Greek court considers Lesbos vs lesbians case

ATHENS (Reuters Life!) - A Greek court is considering a request by residents of the Aegean island of Lesbos to ban use of the word lesbian as a term to describe gay women, a court official said on Wednesday.

Shi tou (not her real name), a lesbian, is seen in front of a rainbow flag during a campaign to promote the acceptance of homosexuality in Beijing February 14, 2008. REUTERS/Jason Lee

Three Lesbos residents brought the case, arguing that the use of the term “lesbian” in reference to gay women insults their identity.

The island of Lesbos, off the Turkish coast, is the birthplace of the ancient Greek poet Sappho, whose love poems inspired the term lesbian. The island has become a mecca for gay women the world over.

“The court heard both sides and will deliver a ruling on the case in two months at the latest,” said a court official who declined to be named.

The plaintiffs, who argue the northern Aegean island’s residents are the only true Lesbians, told the court the dispute was over identity and not sexuality.

“Gay women have every right to define themselves as they wish, but they don’t have the right to appropriate our national identity,” Lesbos resident Ioannis Achlioptas said.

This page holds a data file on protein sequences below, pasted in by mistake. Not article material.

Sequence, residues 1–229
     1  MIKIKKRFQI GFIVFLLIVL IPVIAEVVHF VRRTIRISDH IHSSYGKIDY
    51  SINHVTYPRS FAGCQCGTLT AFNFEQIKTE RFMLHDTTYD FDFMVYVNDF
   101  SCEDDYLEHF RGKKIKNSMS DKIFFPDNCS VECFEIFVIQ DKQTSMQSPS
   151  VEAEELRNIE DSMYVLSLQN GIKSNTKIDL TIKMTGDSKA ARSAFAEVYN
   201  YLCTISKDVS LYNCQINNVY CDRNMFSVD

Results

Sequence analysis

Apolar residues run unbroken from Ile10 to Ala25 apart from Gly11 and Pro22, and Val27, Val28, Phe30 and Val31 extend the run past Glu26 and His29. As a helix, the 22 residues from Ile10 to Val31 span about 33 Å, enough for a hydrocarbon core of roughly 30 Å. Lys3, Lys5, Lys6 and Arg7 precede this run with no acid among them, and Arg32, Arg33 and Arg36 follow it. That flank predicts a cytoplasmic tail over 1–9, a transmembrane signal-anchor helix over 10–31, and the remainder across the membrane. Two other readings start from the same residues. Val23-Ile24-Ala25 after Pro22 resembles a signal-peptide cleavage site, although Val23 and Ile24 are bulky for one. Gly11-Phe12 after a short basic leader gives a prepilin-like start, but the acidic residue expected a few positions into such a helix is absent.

At the packed courtroom, one of the islanders wore a badge that read “I am Paul and I am a Lesbian” and later unfurled a banner which read “If you are not from Lesbos, you are not a Lesbian”.

“I have a hard time explaining to my daughter that we Lesbians are not homosexuals. My mother, my sister and my daughter are all Lesbians and it’s incredible the amount of ridicule they suffer because of this,” Achlioptas told the court.

Evangelia Vlami, representing the Gay and Lesbian Community of Greece, said such fears of ridicule were unfounded.

“Let’s stop playing around with words, protests like this are nothing but prejudiced. The term can be used by both sides without insulting anyone,” she said.

An attorney for the defense argued not all Lesbos residents were embarrassed and many saw the term as beneficial.

“The term has been used worldwide for centuries and has even helped the island, boosting tourism,” said defense witness Themistocles Kefalas. “My daughter has no problem being called a Lesbian, even though she’s not a lesbian.”

Reporting by Renee Maltezou, editing by Paul Casciato